Image is a concept that we at Bon Vivant are constantly thinking about. For us, image is about who we are, how we think, but most importantly how we see ourselves in the world. As clothing designers, we apply that vision to the clothes we make and how we wear them. We also think a lot about images because our founder Jean-Mat Vincent, in addition to designing clothes, is also a photographer. In a photograph, we put a lens to the world to capture a particular moment in time and create an image from our own unique perspective. Making clothes and making images are similar in that way, we take what’s given to us in the world, like beautiful handcrafted fabrics or a sun-soaked Venetian canal, and we make it our own. In turn we leave you with an image of the world as we see it.
For our F/W 2019 editorial, we took two of our favourite photographers, Gab del Canto and Patrick Ménard, and asked these expert image makers to do something they rarely do — turn the lens on themselves.
Photography by Patrick Menard
Model Gab Del Canto
Bon Vivant: Aesthetics and composition are so important for both photography and clothing design. How do you approach composing your images?
Patrick Ménard: In photography and in the way that I dress I like simplicity. I like to give my subject space just like how I like to keep my clothing free from logos and other distracting elements. I find it’s easy to overdo it and create a very busy image, but it’s a challenge to remove elements in a way that accentuates your subject. Also the context of a shoot usually contributes to the way I compose.
BV: You went to film school, you were a lead photographer for a marketing agency, and you also run a refurbished vintage camera retailer. How have your experiences with all these different styles of photography influenced your own personal style?
PM: To me there are photographs and their are pictures. The photograph is personal, methodical and emotional. When I go out on my own or travel I’m taking photographs whereas a picture serves an immediate purpose like marketing an object. I’ll use my cinematic background when composing for architectural or landscape photographs and apply my product photography knowledge to photograph my cameras.
BV: It could be said that photography has never been easier. The average digital camera is capable of capturing very high-quality images and phone cameras have never been better. With all these tools available why choose to shoot analog?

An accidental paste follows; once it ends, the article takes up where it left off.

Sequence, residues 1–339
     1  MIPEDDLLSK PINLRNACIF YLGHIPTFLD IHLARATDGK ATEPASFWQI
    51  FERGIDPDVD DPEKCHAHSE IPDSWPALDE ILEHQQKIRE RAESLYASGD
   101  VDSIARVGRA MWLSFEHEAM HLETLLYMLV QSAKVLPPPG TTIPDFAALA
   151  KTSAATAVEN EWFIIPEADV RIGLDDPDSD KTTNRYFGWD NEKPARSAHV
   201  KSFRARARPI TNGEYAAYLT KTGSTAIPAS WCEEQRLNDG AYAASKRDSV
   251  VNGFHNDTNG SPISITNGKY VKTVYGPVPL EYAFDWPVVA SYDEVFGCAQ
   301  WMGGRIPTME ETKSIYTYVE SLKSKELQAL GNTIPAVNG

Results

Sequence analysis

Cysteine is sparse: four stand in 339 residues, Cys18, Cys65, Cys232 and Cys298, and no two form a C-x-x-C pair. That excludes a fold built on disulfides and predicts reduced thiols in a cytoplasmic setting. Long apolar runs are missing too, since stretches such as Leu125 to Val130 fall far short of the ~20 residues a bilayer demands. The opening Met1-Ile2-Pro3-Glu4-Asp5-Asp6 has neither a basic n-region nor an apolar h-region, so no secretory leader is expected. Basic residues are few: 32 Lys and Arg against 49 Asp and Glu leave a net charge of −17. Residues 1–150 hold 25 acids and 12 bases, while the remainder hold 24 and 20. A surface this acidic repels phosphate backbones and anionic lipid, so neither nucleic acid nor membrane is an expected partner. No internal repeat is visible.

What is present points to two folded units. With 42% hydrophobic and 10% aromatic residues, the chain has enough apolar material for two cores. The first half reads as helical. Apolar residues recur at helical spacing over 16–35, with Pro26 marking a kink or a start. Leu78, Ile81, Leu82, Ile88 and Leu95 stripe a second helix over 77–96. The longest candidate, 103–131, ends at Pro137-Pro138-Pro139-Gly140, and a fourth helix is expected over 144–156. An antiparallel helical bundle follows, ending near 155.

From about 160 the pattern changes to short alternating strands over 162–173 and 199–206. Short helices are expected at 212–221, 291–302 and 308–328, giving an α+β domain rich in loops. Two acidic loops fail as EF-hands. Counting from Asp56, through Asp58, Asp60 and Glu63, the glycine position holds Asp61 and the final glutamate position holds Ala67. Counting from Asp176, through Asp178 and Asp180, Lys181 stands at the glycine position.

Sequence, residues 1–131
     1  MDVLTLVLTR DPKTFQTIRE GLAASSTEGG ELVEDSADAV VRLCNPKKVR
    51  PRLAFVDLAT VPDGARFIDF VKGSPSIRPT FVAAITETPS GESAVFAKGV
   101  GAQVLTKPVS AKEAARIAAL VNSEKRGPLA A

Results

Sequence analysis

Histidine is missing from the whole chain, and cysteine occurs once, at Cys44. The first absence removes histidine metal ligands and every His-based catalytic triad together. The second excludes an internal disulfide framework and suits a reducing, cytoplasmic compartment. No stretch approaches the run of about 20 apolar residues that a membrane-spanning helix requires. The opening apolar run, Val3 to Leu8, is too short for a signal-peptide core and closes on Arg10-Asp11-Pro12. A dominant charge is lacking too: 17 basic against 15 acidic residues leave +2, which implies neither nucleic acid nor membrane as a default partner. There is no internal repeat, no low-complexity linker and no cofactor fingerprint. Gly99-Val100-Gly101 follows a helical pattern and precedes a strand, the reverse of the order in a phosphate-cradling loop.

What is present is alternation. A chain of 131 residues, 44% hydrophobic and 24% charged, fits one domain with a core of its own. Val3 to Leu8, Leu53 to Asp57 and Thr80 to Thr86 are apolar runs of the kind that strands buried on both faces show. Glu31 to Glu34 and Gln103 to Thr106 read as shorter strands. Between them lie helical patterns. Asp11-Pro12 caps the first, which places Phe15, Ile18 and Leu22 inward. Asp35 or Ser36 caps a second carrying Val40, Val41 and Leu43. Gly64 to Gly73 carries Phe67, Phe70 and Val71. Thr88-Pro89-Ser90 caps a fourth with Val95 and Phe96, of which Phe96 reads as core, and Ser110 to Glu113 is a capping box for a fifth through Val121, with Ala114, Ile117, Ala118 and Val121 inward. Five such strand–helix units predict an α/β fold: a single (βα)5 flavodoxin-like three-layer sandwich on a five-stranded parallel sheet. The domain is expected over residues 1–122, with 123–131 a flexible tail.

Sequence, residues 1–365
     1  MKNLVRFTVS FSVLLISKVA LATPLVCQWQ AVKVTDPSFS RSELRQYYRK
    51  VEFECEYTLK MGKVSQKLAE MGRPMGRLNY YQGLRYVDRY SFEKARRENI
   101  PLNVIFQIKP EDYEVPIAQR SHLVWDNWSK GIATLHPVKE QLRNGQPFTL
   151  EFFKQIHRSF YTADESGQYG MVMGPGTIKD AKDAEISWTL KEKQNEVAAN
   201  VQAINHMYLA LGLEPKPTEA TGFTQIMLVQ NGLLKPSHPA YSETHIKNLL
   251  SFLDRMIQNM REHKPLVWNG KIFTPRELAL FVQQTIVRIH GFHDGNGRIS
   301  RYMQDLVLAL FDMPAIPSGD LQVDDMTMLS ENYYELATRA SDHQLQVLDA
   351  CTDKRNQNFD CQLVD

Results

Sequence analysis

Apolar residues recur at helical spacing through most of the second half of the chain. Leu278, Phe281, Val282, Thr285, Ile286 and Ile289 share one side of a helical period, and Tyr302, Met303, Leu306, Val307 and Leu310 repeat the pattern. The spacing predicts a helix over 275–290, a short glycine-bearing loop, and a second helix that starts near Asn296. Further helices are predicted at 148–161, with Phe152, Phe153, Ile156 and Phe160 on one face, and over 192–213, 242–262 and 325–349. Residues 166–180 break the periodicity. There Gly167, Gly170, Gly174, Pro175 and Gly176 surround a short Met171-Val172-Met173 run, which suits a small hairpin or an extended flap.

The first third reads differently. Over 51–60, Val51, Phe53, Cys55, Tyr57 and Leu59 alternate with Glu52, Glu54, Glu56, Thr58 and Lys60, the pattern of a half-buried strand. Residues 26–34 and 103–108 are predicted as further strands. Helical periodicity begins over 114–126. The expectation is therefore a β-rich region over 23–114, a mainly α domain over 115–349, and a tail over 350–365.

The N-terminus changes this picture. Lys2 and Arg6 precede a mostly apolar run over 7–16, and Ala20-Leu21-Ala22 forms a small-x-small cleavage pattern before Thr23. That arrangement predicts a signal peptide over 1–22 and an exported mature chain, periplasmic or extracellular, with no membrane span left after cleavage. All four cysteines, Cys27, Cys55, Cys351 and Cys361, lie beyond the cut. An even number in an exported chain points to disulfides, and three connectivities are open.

PM: The main reason is to slow down. I’d never tell you that a digital camera is [worse] or less useful because that’s not true. The way I look at it is they’re different tools altogether. Personally, it’s my preference to use a tool that was designed to last many years. The metallic feel, the mechanical parts, the lack of an LCD screen to me just feels real.
BV: What’s one camera and one film stock you can’t live without?
PM: Recently, I found my favourite camera again, the Minolta CLE with a 40mm
lens. I use Portra 800 shot at iso 500-640. This overexposes the film slightly which is where it thrives. If you want to ever use only one film stock, look no further. You can shoot all day and into the evening. If you’re shooting warm landscapes I’d use Ektar 100. I’ve gotten my favorite photos ever using that stock.
Photography by Gab Del Canto
Model Patrick Menard
Bon Vivant: Your portrait work is very intimate, how do you balance portraying your subject as they are while also leaving your personal mark on the image?
Gab del Canto: Whenever I shoot with someone I always try to go for coffee first and get to know the person, that way the person is a lot more comfortable in front of me and the camera which makes the pictures look more natural. I also shoot mainly on film, so depending on what mood I am trying to get I can pick different film stock and also a different camera. An important part of my process is to develop trust and friendship with the people I shoot and I believe that’s what makes such a big difference in my work.
BV: Some of my favourite work of yours is your black and white street photography. What does shooting in black and white offer that colour doesn’t?
GDC: For me black and white photography feels more natural, it offers a different perspective from what we see in reality. All the colours become tones of greys and it removes all distractions from the subject. I also enjoy the versatility of black and white film because you can carry one type of film and shoot it in almost any condition.
BV: Skateboarding culture is something that shows up frequently in your work, how do you think the culture has shaped the way you approach making images?
GDC: Being a skater myself since I was a kid, I always loved reading skateboarding magazines and I was fascinated with all the photos. I don’t skate as much anymore [but] I never lost the passion for it. In some ways I view skateboarding and photography as the same, you can spend an entire day outside trying to get that one trick or one shot right. There is also the constant hope of someday getting some kind of recognition for it and even if you don’t, you wake up the next morning and get back to it because it makes you feel good.
BV: You’ve shot Patrick many times before this, do you think photographers make good subjects?
GDC: I think they really do, they know exactly what you are looking for and they participate a lot. Some photographers prefer hiding behind the camera and will be quite awkward in front of the [lens], most of the time they make amazing models and are a delight to shoot. A big part of my work is actually portraits of other photographers and their friends.